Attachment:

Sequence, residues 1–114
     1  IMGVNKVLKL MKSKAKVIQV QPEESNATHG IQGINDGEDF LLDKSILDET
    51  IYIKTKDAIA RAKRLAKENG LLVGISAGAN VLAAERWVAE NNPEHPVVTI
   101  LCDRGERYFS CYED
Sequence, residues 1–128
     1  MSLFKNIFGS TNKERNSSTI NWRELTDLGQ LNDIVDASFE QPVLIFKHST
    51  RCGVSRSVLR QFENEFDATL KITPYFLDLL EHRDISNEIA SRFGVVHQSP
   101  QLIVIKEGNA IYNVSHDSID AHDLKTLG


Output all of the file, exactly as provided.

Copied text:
Sequence, residues 1–114
     1  IMGVNKVLKL MKSKAKVIQV QPEESNATHG IQGINDGEDF LLDKSILDET
    51  IYIKTKDAIA RAKRLAKENG LLVGISAGAN VLAAERWVAE NNPEHPVVTI
   101  LCDRGERYFS CYED
Sequence, residues 1–128
     1  MSLFKNIFGS TNKERNSSTI NWRELTDLGQ LNDIVDASFE QPVLIFKHST
    51  RCGVSRSVLR QFENEFDATL KITPYFLDLL EHRDISNEIA SRFGVVHQSP
   101  QLIVIKEGNA IYNVSHDSID AHDLKTLG